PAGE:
Those who are caught in the web of being trapped in a course that is not recognized, may take the following steps:

  1. Analyze whether they are actually learning something useful from the course that will open doors for private industry jobs. Depending on whether they have already covered a major portion of the course or are just at the beginning, they may drop out and look for alternatives. They may ensure that they get back at least a substantial amount of the fees they have paid (and seek the help of Consumer Court if necessary)
  2. Explore alternatives, which may include: losing a year and joining a recognized institution, or appearing for 12 th standard through NIOS (website www.nios.ac.in) thus saving a year, and then moving on to any degree course
  3. Enrolling under the Open University system for a degree course (no minimum qualification required, except an entrance test which is not very tough). Bangalore University and a few others give the same degree certificate to students who pass through distance learning, as they give to regular college-goers, and these degrees are recognized for post-graduation as well as all government employment including Civil Services.
  4. If one is not particular about higher education or government service, one can take up a vocational course in fields ranging from IT to hospitality, travel, technical writing, software testing, mass communication, marketing, special education, counselling, etc.
  5. If the candidate has completed 10+2 with 60% marks, he can attempt to be selected as an Airman in the Indian Air Force, wherein he can earn and learn. The defence services give ample opportunities for higher studies, and many airmen have completed up to post graduation while in service for 20 years, opted for early retirement, and are making excellent careers in the private sector.

Some students get very distressed when they have to suffer for no fault of theirs, due to de-recognition of their course or institution. If they have the resilience to understand that whatever they have studied will not go waste and will be useful in some form or the other, they can make a fresh beginning (even if they have lost a year or two). Having had the setback they are likely to be more focused and knowledgeable about which career would suit them better, and hence become more successful in the long run.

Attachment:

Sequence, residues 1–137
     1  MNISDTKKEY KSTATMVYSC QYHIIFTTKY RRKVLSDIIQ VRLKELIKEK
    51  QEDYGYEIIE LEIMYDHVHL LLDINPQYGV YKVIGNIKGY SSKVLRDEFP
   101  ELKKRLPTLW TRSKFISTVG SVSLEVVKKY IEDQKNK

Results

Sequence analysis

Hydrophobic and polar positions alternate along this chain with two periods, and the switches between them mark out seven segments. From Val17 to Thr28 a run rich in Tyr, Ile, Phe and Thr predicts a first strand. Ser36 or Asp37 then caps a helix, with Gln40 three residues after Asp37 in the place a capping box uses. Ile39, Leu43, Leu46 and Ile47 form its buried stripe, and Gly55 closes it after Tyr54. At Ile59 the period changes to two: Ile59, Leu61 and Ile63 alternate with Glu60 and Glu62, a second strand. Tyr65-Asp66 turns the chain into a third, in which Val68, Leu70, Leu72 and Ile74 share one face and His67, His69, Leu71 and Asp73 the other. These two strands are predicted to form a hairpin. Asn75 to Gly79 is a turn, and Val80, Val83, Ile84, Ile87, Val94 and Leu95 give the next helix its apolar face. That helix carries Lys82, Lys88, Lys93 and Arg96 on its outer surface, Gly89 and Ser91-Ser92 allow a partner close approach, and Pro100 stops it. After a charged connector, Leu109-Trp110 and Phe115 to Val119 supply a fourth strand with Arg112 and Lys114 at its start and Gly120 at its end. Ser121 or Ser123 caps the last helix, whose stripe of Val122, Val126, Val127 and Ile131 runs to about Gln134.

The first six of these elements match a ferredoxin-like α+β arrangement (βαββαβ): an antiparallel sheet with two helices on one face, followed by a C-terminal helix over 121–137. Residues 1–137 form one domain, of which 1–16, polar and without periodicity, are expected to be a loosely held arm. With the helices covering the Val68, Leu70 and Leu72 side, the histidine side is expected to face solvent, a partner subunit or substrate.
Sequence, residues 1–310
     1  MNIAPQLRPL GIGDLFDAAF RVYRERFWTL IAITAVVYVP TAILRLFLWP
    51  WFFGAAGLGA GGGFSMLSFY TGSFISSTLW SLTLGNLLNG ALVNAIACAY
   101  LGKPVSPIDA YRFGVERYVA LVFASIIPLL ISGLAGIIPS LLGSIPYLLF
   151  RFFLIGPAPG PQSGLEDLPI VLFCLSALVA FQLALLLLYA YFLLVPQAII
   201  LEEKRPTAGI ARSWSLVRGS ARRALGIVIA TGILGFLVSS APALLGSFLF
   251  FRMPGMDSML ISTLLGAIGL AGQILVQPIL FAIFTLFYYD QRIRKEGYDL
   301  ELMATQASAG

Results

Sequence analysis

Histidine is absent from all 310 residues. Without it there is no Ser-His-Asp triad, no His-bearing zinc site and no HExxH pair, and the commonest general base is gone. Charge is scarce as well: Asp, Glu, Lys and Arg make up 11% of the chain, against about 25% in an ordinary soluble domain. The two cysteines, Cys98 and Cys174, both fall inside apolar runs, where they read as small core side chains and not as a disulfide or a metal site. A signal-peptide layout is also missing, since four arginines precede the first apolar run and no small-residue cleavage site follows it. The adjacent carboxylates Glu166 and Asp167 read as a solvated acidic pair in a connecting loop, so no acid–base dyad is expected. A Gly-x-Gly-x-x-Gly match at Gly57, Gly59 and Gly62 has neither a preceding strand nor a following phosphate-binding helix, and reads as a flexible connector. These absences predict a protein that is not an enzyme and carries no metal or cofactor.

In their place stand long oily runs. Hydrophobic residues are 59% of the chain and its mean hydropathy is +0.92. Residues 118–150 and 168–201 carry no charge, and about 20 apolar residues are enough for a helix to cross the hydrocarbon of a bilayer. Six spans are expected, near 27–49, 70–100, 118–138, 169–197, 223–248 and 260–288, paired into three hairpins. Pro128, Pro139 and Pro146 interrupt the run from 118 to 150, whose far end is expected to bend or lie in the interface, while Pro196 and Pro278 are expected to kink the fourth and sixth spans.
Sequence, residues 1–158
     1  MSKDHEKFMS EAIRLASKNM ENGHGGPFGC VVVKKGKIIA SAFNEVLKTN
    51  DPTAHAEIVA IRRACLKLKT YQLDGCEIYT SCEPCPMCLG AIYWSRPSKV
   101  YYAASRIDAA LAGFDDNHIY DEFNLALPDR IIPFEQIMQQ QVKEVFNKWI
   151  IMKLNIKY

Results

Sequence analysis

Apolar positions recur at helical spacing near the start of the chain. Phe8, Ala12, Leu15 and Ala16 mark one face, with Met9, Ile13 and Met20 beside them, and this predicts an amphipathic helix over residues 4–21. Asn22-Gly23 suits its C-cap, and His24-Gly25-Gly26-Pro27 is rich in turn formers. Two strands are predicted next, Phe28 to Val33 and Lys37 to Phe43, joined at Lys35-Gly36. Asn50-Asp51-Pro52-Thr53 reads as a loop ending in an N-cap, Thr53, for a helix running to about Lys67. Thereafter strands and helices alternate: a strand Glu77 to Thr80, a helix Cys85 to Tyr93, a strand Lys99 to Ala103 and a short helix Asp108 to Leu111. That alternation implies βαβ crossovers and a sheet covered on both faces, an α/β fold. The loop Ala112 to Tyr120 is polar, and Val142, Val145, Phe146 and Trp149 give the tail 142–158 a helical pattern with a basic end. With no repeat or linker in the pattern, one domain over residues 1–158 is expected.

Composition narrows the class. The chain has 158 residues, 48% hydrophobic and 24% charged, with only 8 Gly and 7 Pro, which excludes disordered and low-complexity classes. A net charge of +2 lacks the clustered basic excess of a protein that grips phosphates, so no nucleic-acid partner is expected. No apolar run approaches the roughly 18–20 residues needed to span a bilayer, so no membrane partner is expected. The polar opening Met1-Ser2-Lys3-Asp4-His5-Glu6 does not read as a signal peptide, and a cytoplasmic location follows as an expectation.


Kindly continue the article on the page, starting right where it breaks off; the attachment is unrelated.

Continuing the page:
One can also explore a courageous alternative to stop full time academics and join a job to gain experience and get first-handle knowledge of the field the person may be working in for the next 40-50 years. Such a student may take two precautions: (1) do not go away from academics completely. Take up a distance learning or part-time program, even if it is a short-term certificate course, and (2) ensure that the job is giving practical learning and is not just a routine monotonous and repetitive one. Even if the job pays very little, as long as there is something to learn, the time spent is worth it. In this case smaller unknown or start-up organizations are preferable to long-established strong brands.

In the future it is not just the paper qualifications and the degrees that will determine the progress and career of a student, either in India or abroad. If students take proper steps to overcome their trauma and find the right direction, and systematically upgrade themselves in a field where they have aptitude and ability, they will find that a very bright future awaits them.

By Ali Khwaja

 

Improving Memory and Concentration

Memory

No one has a good or bad memory. It depends entirely on how interested we are and how much effort we are willing to put in. Remember how you remember very old incidents that are very dear to you?

Some tips for developing better memory: